For foodies, SummerFest is the one Hamptons event that should not be missed.
In addition to serving as the premier fundraiser for the Southampton Arts Center, the event allows some of the East End’s most prominent chefs and restaurants to proudly showcase their latest culinary creations, or share some time-proven and favorite recipes.
Bob Abrams, the head chef at Little Red in Southampton, will be serving a new summer addition to his French-inspired American menu: avocado toast topped with grilled lobster.
“We grill a baguette … and then we kind of mash up the avocado so it’s almost like a guacamole,” said Adams, whose restaurant has donated a dish every year to the fundraiser, which will mark its fifth anniversary on Thursday, August 30. “We then add some marinated lobster on top.”
He explained that he prefers to offer attendees a lighter option, explaining that the fundraiser is usually held on a warm evening on the art center’s grounds in Southampton Village. Chef Adams also prefers to serve something that’s a tad unusual as there would be less of a chance of another chef or restaurant offering the same dish.
“You don’t want to have a bunch of similar dishes,” said Adams, adding that he always tries to offer a vegetarian option. For example, one year he prepared a grilled peach and tomato salad.
Keith Davis, owner of the Golden Pear Café, will be serving his famous lobster macaroni and cheese with truffle oil, Topping Rose House in Bridgehampton will be dishing both tomato salad and beef negimaki, and Clamman and Seasons of Southampton will be teaming up to serve tuna tartare, according to Molly Bishop, advancement coordinator for the Southampton Arts Center.
Jean MacKenzie Koster, who owns both Clamman and Seasons, will be bringing bite-size morsels of spicy tuna served in miniature ice cream cones to this year’s fundraiser. She said the cones look and taste like real ice cream cones but only measure between 1 and 1.5 inches in length.
“It looks like a miniature ice cream cone and you pop it right in your mouth,” said Koster, who has also donated her services every year to the Southampton Arts Center. “You get this little crunchy flavor mixed in with some spicy tuna.”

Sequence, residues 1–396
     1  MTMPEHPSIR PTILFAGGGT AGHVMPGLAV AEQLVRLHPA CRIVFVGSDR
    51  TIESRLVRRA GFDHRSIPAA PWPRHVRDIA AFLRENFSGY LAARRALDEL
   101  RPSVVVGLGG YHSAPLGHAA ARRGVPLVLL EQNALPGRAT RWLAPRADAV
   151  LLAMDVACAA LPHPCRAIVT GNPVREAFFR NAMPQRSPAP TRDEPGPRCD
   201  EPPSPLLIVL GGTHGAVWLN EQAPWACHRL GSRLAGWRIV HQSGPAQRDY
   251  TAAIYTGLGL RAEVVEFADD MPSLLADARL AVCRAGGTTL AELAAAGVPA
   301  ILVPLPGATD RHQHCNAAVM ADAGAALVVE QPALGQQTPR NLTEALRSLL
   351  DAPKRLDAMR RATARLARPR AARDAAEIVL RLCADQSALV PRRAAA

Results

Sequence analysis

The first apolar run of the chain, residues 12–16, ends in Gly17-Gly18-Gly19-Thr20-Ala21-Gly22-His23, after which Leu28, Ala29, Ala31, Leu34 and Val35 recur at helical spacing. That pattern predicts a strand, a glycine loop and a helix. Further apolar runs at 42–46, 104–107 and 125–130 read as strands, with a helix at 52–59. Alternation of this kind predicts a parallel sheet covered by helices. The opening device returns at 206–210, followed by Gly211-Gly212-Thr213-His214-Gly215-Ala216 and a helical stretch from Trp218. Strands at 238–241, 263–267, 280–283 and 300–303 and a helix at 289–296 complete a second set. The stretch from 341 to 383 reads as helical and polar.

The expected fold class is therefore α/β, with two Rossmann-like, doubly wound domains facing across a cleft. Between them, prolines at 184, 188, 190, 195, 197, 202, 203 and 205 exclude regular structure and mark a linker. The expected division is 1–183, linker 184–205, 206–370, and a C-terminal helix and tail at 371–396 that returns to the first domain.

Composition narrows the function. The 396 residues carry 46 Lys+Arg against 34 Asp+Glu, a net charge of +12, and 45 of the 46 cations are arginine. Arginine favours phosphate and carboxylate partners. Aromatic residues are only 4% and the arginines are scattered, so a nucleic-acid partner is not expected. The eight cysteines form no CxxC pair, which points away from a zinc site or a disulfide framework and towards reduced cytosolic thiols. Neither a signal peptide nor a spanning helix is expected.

She added that her hors d’oeuvre is a popular item on her catering menu, and that she intends to make at least 500 of them for the fundraiser on August 30. “The place was packed last year, and people like to move around,” she said, explaining why she decided to donate a finger food.
Other restaurants will also be donating their services. EMP Summer House in East Hampton will serve warm lobster rolls, Boa Thai-Asian Fusion in Southampton will dish massaman curry with chicken and jasmine rice, and Saaz will share a traditional Indian plate of chicken tikka masala with naan bread, rice and chana saag.
“What’s nice is that they’re all very local,” said Southampton Arts Center Executive Director Tom Dunn, who will be attending SummerFest for the first time, regarding the long list of participating restaurants. “We have a collection of 20 renowned chefs and restaurants from Southampton and the East End.”
He described SummerFest as his organization’s signature fundraiser, noting that it typically raises more than $400,000 for the arts center, accounting for roughly one-third of its annual operating budget. That money helps offset the costs of exhibitions and programs offered by the center.
Dunn said the center is also “enormously proud” to present its 2018 Champion of the Arts Award to Peter Marino, a New York City architect who announced earlier this summer that he intends to buy the former Rogers Memorial Library building in Southampton Village and transform it into a museum.
“Peter has made a very exciting commitment to the Village of Southampton … and we are so pleased to have him as our neighbor,” Dunn said.
SummerFest runs from 6-10 p.m. at the Southampton Arts Center on Jobs Lane in Southampton Village. Tickets start at $500 and can be reserved by calling the center or visiting www.nycharities.organd clicking on “Southampton Arts Center SummerFest 2018.”
“The arts center is very important to the community, so we don’t mind helping out,” Adams said.